Poisoning our Youth Calls for Consequences 

Our youth’s future is being jeopardized by “influencers” in the fitness industry that push out egotistic and manipulative messages. These people do not care about our children’s well-being, rather, they just blindly spread misinformation or intentionally promote useless or harmful substances to make profit. 

Using steroids just once can completely derail you from what was once a happy and normal life. What starts off as a “this is a one time thing,” can quickly change to years of steroid abuse and addiction. Steven Dowshen, in Are Steroids Worth the Risk?, states that they are addictive because when one stops taking steroids, the person faces severe withdrawal symptoms, some of which include insomnia, mood swings, and depression. 

If someone is interested in fitness, and due to how highly specific social media is, the posts we interact with are essentially ads promoting supplements followed by hyperlinks to purchase them. Because steroids are so accessible with just a click of a button, it is no surprise that we are seeing many males and females experience severe health problems when they grow up. In an article on Digital Citizens Alliance, more than a third of those who participated in a study containing more than 2,000 participants, claimed to have purchased the drugs online. There are clearly markets that are flourishing with the help of deceiving posts and false advertisement, yet those websites and products still manage to fly under the radars of the people that enforce steroid laws and regulations. 

Evidently, there are many loopholes that allow our youth to obtain possession of these harmful drugs. In the article, Teens and steroids: A dangerous combo, published by the Federal Drug Administration, states “4.9% of males and 2.4% of females in highschool have used steroids at least once in their lives.” Even if someone uses steroids just once though, it still could cause prevalent issues later down the road as discussed earlier.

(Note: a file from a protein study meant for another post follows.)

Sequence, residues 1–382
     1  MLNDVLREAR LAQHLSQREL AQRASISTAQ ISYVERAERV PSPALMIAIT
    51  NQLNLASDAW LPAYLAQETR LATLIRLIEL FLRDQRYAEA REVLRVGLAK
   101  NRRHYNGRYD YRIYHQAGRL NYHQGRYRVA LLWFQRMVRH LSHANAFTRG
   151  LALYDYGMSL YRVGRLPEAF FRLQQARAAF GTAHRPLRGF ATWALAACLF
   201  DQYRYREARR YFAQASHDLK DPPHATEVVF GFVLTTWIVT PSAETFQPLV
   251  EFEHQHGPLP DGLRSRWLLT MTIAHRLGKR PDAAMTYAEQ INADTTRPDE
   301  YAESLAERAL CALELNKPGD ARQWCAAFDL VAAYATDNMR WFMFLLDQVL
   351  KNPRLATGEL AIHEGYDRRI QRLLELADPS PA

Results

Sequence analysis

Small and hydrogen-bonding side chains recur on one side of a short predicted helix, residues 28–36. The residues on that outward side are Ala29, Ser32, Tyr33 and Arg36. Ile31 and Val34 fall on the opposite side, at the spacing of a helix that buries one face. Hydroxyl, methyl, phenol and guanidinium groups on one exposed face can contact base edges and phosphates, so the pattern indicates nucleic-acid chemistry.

With the increase of users on social media, which is essentially opening the gates for more influencers to try and carve out their path to fame, it is inevitable that more newcomers in the fitness world will come into contact with these influencers that are only looking to serve themselves. This misguidance is a prime example of why people are even looking to buy and use steroids in the first place. Steroids are dangerous and we already know that, but so do the influencers that are subliminally encouraging their audiences, who most of the time are young adolescents, to try steroids. A report on steroid use and social media, posted on the Digital Citizens Alliance, states, “celebrities use social media sites such as Instagram or YouTube to create the image of modern glamor that increasingly leads men and women to buy APEDs online.” When an influencer has a multimillion number fanbase, that influencer isn’t thinking about being a mentor to those who need guidance, but instead, looks to take advantage of them to make money or grow their name. 

Additionally, more changes to the way people share and receive information/news is negatively affecting the way people view their own bodies. Comparing our results to the results exaggerated by these influencers is doing way more harm than good. An article posted on the National Institute of Drug Abuse, mentions a study that in the time frame from 2011 to 2015, the number of students in the 12th grade who admitted to using steroids rose slightly every year. It isn’t 100% guaranteed that social media is to blame, but considering apps like Instagram began to flourish around the same time it would not be surprising if that is why. When teens see someone posing with their muscles flexed, and see that the attention they are receiving is undoubtedly more than the “average” person would receive, they imagine themselves living that life, and that’s where the problems mentally start off.